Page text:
Free Search (10912 images)
Titan landscape and ‘seas’ viewed by Cassini's radar
Rating: 0.00/5 (0 votes cast)
- Title Titan landscape and ‘seas’ viewed by Cassini's radar
- Released 16/03/2007 3:04 pm
- Copyright NASA/JPL
This image of Saturn’s largest moon, Titan, obtained by Cassini's radar instrument during a near-polar flyby on 22 February 2007, features dunes and lakes, one of which is larger than any lake on Earth and could be legitimately called a sea. Titan’s lakes are thought to consist of liquid methane and ethane.
The image runs from southern latitudes, starting at 32 ° South, 55 ° West. Featureless terrain with bright streaks heads north and slightly east through dune fields interspersed with exposed bright mounds. In places, the dunes wrap around the bright mounds, which suggests the mounds are raised. In one case, the dunes wrap around an unusual rose-shaped structure, approximately 70 kilometres across. Near the spacecraft’s closest approach (33 ° North, 28 ° West), where the swath is at its narrowest, the terrain is dark and mottled, with occasional bright outcrops and fine dunes. Heading north, the action of liquids – fine channels and canyon-like structures can be seen. Later, depressions interpreted as volcanic calderas or drained lakes can be seen. As the swath continues, these become more plentiful, and some are partly filled with dark material thought to be liquid hydrocarbons, hence lakes. In places, the lakes reside in what appear to be nested, near-circular depressions, reminiscent of nested calderas.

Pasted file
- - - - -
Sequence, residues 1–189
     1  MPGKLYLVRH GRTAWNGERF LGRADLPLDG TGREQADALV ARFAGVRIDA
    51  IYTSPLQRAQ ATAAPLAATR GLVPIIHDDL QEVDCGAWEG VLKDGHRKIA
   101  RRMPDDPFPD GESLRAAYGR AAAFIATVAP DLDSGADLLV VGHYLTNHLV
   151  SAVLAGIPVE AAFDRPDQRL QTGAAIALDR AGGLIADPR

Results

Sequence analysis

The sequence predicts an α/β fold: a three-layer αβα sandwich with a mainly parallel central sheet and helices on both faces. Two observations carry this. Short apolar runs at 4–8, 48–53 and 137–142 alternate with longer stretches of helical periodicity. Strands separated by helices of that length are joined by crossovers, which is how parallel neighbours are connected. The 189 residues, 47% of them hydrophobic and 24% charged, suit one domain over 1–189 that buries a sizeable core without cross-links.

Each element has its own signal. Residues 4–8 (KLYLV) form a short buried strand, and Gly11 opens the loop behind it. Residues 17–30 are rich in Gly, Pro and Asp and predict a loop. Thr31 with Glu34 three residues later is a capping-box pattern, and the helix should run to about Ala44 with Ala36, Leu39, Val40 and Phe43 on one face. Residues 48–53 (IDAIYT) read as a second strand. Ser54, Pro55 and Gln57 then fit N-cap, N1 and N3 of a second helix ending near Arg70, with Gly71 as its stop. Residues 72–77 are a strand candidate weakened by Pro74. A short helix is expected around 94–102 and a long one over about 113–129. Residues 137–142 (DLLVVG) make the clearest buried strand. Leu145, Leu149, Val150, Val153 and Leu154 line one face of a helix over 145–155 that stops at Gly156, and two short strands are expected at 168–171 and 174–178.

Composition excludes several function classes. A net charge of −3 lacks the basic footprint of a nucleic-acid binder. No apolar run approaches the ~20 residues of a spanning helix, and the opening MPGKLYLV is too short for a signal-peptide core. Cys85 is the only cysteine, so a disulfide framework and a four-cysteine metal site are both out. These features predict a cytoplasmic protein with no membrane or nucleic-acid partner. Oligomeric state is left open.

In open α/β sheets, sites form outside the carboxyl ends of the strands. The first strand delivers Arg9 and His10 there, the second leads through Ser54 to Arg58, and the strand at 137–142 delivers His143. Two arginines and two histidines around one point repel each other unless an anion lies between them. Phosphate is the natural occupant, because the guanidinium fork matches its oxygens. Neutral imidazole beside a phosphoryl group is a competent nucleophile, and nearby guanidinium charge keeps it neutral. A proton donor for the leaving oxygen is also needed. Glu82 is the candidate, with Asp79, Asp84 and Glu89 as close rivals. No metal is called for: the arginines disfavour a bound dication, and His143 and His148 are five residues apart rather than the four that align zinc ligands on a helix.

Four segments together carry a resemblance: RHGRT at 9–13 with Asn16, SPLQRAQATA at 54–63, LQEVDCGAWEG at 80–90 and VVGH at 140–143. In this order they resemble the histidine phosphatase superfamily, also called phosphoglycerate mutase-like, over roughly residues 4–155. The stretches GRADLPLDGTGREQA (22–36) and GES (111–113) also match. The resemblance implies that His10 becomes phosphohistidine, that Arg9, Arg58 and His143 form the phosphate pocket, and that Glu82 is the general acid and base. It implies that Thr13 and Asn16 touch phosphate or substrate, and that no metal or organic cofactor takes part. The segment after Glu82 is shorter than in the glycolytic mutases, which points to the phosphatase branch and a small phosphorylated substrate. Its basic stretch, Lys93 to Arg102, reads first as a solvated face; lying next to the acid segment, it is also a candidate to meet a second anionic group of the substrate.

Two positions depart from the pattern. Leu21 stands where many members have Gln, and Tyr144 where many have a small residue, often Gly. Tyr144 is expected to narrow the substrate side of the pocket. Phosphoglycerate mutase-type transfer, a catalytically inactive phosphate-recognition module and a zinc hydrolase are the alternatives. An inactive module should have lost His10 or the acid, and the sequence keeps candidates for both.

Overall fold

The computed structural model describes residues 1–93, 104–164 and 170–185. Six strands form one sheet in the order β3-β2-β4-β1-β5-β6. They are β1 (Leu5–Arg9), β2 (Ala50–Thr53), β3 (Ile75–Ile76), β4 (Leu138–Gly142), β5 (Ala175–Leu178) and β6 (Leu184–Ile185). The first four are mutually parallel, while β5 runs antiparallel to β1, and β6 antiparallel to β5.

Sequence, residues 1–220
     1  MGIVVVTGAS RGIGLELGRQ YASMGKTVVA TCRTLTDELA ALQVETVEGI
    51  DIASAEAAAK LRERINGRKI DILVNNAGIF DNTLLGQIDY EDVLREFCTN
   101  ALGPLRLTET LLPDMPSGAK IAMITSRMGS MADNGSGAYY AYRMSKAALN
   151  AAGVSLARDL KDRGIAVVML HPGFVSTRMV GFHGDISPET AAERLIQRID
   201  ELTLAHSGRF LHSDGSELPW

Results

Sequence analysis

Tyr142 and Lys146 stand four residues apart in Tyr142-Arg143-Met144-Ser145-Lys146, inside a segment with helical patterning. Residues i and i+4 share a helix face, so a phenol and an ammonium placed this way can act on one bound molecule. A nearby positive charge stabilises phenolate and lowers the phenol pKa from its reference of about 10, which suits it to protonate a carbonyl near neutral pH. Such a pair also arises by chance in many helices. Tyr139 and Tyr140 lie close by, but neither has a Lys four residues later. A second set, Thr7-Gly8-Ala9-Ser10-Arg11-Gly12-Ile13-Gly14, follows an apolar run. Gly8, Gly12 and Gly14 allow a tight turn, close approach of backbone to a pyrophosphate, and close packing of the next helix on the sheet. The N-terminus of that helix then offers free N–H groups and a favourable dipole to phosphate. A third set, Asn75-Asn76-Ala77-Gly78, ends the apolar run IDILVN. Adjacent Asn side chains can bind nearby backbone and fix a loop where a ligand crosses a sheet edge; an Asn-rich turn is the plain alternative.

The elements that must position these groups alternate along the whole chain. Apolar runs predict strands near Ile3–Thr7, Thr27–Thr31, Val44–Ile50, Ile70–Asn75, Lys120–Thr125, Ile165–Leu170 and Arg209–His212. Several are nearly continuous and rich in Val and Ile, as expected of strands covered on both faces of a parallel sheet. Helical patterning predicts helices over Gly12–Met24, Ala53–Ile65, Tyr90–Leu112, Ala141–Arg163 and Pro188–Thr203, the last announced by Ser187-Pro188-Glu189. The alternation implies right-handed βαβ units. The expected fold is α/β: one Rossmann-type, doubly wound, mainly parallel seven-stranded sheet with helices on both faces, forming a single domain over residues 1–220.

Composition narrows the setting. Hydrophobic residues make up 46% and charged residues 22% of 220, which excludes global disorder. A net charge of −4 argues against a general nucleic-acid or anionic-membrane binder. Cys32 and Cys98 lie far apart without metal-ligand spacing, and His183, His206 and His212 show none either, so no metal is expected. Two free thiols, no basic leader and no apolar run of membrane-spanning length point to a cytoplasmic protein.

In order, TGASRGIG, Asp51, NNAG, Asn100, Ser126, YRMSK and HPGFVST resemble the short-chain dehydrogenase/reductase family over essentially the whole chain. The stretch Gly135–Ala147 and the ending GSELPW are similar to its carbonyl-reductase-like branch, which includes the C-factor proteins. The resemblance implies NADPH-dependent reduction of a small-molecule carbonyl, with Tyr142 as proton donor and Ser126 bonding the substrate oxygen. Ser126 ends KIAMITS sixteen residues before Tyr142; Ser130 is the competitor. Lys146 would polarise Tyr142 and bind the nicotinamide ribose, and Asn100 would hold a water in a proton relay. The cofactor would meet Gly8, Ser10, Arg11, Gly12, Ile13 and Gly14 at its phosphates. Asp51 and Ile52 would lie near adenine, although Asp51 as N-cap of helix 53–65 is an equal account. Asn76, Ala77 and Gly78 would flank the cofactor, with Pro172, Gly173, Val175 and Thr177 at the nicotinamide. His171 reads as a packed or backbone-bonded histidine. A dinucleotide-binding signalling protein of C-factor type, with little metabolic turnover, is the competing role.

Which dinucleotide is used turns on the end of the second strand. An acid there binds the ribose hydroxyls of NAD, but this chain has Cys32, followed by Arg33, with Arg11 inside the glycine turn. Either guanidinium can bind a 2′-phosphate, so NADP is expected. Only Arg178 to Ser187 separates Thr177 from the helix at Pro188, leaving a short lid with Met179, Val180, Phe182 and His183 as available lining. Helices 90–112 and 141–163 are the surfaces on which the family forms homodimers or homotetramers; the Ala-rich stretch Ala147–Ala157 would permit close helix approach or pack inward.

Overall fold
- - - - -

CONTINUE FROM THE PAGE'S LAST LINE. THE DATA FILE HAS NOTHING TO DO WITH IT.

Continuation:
The final section of the swath, closest to the pole, contains by far the largest lakes observed by Cassini’s radar to date. The lake’s bright, jutting shoreline indicates that old, eroded landforms may have been flooded. This lake on Titan connects via a relatively narrow channel to a much larger (at least 45 000 square kilometres) lake, containing a large (approximately 12 000 square kilometres) island or peninsula. The last part of the image passes close to the pole (86 ° North, 290 ° East), before heading east and slightly south. At the end of the swath, we see the largest lake observed yet – at least 100 000 square kilometres, covering a greater fraction of Titan (0.12 percent of its surface) than the largest terrestrial inland sea, the Black Sea (0.085 percent of the Earth’s surface).